As previous discussions have covered, Ray’s statistics point toward a pitcher that had a suggested regression coming.

With that being said, a 4.91 ERA is beyond expected regression and a pitcher the D-backs should not be able to trust in a postseason atmosphere.

Ray’s chance at an elite 2018 are gone, but because of the way Zack Greinke, Patrick Corbin and Clay Buchholz are pitching, they aren’t asking for too much out of Ray.

Get that ERA in Ray’s last remaining starts closer to 3.00 than 4.50 and Arizona suddenly has one of the best rotations in baseball.

Is that too big of an ask? It doesn’t feel like it, but with the bullpen falling apart and the offense’s ups and downs, Ray stabilizing the starting rotation’s back-end would be enough for October baseball.

1. Paul Goldschmidt

(AP Photo/Rick Scuteri)

Do you know how good Goldschmidt has been since June 1?

Yeah, you might be aware he’s been great, but Goldy is arguably playing the best baseball of his career the past two and a half months.

Since June 1, Goldschmidt is hitting an insane .360, the second-best mark in baseball for players with at least 100 plate appearances.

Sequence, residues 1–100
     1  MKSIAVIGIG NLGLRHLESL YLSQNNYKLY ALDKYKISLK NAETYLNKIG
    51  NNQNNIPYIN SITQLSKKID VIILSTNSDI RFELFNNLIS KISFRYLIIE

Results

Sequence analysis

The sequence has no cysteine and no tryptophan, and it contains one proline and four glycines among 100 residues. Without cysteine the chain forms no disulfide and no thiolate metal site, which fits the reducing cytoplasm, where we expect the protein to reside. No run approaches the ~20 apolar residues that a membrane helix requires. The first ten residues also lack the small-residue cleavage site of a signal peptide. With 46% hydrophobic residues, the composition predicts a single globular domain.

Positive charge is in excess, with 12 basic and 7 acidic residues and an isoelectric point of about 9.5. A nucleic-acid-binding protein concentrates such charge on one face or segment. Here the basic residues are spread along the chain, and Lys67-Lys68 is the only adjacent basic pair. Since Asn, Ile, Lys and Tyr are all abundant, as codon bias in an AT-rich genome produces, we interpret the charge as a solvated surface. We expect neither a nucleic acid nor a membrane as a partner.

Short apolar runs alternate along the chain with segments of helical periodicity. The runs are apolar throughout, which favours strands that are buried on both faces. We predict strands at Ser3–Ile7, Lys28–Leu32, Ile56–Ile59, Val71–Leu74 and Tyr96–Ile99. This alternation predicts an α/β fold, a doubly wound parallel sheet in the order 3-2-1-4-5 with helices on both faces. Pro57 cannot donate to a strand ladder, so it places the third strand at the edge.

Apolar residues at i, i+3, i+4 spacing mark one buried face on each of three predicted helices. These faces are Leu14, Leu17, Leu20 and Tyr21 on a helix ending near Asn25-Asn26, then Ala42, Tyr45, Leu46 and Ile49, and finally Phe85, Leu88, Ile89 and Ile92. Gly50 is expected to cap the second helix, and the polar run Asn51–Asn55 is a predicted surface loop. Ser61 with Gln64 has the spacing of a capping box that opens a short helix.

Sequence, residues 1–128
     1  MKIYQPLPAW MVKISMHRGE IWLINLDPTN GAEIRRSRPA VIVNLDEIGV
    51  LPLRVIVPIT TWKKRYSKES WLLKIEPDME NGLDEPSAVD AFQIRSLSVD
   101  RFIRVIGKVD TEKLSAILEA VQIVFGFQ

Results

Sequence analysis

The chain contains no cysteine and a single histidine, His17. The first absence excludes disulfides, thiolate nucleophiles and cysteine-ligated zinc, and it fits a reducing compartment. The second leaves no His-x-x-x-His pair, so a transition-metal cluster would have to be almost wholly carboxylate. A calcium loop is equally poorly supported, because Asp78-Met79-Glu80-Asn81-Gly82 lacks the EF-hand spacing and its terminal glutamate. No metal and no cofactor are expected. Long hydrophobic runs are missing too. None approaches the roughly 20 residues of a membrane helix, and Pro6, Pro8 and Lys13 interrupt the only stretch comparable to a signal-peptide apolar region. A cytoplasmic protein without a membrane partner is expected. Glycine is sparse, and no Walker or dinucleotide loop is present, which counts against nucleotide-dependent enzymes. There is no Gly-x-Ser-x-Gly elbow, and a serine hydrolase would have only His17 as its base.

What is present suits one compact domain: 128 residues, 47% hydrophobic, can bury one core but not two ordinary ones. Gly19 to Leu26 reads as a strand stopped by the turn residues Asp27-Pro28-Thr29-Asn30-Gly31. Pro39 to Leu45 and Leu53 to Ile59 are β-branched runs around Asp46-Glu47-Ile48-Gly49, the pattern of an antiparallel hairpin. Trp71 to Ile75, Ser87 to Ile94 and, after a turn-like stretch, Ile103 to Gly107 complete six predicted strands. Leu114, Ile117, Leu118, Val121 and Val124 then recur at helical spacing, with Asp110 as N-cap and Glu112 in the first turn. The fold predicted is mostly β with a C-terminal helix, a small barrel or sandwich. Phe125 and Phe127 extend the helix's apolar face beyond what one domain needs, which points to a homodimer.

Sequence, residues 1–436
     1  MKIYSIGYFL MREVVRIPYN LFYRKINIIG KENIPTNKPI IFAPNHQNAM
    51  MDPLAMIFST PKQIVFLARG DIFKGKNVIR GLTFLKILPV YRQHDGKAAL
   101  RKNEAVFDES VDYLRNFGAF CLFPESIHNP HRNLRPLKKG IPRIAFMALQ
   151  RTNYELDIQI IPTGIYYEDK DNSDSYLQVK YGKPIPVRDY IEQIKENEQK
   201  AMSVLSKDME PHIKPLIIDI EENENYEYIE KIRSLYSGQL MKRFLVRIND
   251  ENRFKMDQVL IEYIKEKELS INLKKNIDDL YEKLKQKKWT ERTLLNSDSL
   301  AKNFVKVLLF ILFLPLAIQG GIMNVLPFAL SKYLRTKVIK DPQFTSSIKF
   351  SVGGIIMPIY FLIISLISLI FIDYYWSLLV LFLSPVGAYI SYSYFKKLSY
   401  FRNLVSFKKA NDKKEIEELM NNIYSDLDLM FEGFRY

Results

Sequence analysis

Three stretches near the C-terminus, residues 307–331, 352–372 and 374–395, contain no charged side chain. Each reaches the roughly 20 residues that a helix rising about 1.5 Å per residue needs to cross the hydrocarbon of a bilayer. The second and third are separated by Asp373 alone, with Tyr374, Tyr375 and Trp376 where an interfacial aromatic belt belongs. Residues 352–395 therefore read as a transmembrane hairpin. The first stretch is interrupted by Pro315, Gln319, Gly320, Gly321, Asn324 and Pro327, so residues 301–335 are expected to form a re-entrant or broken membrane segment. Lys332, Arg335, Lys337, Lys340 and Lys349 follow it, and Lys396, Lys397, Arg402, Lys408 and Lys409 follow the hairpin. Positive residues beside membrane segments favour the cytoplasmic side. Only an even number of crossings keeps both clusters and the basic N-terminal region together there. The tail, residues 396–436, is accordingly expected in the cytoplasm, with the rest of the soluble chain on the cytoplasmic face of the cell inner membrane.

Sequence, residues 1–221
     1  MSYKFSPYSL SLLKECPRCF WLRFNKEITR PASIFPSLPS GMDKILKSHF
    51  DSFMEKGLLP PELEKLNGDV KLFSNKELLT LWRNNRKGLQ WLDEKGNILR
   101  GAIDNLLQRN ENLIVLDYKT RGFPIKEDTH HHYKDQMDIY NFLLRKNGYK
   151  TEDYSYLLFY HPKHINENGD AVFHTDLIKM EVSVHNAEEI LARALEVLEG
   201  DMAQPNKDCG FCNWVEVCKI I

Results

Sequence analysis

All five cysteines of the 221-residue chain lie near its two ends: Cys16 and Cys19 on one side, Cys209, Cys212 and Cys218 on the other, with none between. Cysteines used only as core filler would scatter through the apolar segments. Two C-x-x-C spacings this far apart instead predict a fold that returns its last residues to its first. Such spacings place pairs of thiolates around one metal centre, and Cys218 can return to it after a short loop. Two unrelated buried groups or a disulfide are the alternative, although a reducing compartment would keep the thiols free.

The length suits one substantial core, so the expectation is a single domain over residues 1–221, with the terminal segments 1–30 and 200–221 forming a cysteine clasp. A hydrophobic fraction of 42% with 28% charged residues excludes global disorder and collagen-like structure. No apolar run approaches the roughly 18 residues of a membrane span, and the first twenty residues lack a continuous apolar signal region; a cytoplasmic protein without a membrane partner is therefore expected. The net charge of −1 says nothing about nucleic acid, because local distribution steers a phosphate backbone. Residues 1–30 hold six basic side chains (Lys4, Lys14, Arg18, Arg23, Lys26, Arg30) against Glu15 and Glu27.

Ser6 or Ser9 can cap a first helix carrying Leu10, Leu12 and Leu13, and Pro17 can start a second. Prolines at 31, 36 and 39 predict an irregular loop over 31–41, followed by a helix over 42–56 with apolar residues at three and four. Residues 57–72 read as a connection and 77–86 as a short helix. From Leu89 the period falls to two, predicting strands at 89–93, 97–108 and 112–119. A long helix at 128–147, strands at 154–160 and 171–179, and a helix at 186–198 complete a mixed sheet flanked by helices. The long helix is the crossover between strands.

He has 100 hits, 10 more than any other batter and there are only 15 total that have at least 80. Somehow, Goldschmidt is only fifth in RBI with 54, which should tell you something about the offense in front of him. The power is there too, with his 22 home runs trailing only Khris Davis’ 25 in Oakland and Matt Carpenter’s 27 (?!) for the Cardinals since that date.

We all remember last September.

It looked like “the year” for Goldschmidt to finally win the MVP award, as long as he posted a strong conclusion.

That conclusion was a stinker. He hit .175 and essentially handed the award to Giancarlo Stanton.

For the rest of this season, there are two sides to the coin.

Goldschmidt is hitting well enough right now to carry the D-backs’ offense on his back to a postseason appearance, even with the challenging schedule.

He’s also hitting so well that, by default, Arizona is overly relying on his production. Even if it’s not a big-time slump and Goldschmidt is just “OK” in September, the D-backs’ offense has proven this year they can be wildly inconsistent.

That could change, but the variation in those two outcomes is so massive that Goldschmidt has to be No. 1 on this list.

All statistics courtesy of FanGraphs.